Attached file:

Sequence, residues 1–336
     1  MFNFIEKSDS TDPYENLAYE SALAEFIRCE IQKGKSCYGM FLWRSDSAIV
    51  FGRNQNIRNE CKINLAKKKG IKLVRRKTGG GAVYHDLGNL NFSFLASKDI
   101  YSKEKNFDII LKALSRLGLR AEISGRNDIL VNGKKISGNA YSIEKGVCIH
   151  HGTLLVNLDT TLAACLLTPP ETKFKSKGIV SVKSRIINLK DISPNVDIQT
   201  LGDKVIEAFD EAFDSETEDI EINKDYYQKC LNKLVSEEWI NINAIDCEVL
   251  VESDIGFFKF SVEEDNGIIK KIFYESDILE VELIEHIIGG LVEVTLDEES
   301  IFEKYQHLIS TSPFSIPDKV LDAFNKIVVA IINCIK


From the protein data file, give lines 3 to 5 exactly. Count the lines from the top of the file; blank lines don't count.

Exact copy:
    51  FGRNQNIRNE CKINLAKKKG IKLVRRKTGG GAVYHDLGNL NFSFLASKDI
   101  YSKEKNFDII LKALSRLGLR AEISGRNDIL VNGKKISGNA YSIEKGVCIH
   151  HGTLLVNLDT TLAACLLTPP ETKFKSKGIV SVKSRIINLK DISPNVDIQT